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Question: Explain how the elements symbols were created and represented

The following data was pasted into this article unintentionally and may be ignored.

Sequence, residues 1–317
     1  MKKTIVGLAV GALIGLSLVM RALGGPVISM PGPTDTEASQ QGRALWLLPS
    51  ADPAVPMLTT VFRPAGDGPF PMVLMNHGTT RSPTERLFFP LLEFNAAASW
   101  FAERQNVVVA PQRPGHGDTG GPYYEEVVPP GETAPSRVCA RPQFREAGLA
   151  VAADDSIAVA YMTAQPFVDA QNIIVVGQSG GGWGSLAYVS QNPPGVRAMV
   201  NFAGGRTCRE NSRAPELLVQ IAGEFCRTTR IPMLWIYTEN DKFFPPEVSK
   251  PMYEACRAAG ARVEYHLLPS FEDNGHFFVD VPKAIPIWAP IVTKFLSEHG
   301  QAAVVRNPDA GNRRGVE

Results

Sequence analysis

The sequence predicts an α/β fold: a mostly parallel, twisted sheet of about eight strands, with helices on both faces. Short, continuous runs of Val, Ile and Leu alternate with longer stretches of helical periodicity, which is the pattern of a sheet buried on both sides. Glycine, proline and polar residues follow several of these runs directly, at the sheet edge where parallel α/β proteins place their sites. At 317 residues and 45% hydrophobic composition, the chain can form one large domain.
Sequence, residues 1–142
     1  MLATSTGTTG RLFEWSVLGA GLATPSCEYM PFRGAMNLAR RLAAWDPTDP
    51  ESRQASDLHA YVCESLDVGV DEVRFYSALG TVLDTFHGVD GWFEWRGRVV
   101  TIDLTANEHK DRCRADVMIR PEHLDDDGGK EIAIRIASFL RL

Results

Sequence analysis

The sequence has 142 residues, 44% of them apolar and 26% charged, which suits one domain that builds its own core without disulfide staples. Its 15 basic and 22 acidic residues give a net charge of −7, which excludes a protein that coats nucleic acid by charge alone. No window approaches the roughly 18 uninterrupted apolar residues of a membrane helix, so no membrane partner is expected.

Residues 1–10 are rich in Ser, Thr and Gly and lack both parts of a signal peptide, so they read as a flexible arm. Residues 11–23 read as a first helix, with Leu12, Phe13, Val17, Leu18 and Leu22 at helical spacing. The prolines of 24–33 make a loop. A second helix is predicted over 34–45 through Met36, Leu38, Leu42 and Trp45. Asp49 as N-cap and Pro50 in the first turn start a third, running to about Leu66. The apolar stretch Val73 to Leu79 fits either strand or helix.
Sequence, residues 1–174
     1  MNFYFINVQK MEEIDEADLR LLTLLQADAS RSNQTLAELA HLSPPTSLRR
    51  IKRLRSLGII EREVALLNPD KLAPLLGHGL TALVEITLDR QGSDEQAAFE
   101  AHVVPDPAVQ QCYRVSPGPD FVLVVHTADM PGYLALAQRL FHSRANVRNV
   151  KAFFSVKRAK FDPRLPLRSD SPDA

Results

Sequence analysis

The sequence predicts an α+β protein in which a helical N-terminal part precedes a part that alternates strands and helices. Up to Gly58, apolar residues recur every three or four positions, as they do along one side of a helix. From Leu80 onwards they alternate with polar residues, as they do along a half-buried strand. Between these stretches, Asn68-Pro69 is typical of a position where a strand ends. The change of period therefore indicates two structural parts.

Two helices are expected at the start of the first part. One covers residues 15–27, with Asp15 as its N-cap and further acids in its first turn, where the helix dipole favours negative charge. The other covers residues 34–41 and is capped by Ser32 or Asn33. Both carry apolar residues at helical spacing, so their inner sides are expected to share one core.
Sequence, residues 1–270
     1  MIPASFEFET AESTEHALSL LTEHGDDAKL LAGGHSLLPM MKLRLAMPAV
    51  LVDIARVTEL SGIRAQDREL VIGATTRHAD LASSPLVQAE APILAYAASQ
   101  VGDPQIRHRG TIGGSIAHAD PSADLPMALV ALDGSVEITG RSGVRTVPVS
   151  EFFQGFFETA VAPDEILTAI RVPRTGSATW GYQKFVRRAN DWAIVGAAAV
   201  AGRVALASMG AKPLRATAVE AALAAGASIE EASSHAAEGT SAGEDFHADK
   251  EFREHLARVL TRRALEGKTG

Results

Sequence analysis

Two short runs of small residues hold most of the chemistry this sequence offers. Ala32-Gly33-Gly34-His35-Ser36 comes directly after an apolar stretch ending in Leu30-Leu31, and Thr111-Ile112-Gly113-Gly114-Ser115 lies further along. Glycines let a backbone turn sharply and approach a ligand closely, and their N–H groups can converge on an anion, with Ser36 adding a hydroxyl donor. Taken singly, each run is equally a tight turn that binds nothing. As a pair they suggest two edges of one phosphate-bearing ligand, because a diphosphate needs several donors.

Elements are represented by chemical symbols that come from their Latin or Greek names or the scientist who discovered them. The system of chemical symbols we use today is mostly due to the proposals of John Dalton, a British scientist born in the 18th century. He suggested that each element should be symbolized by the first one or two letters of its Latin name. For example, hydrogen's symbol is H, as it is derived from the Latin name 'Hydrogenium'. Similarly, the symbol for iron is Fe, from its Latin name 'Ferrum'. Some elements that were known in the ancient world have symbols derived from their Greek names. For example, the symbol for copper is Cu, which is derived from its Greek name 'Kyprios'. In some cases, however, the symbol of an element is derived from the name of the scientist who discovered it or contributed much to its understanding. For example, the element einsteinium (Es) was named after Albert Einstein; curium (Cm), after the Curies; and fermium (Fm) after Enrico Fermi. Moreover, when a new element is discovered, the discoverer suggests a name and symbol to the International Union of Pure and Applied Chemistry (IUPAC), who then reviews these suggestions for formal approval. So in summary, the symbols for elements are generally derived from the first one or two letters of their Latin or Greek name, or in some cases, named in honor of notable scientists.
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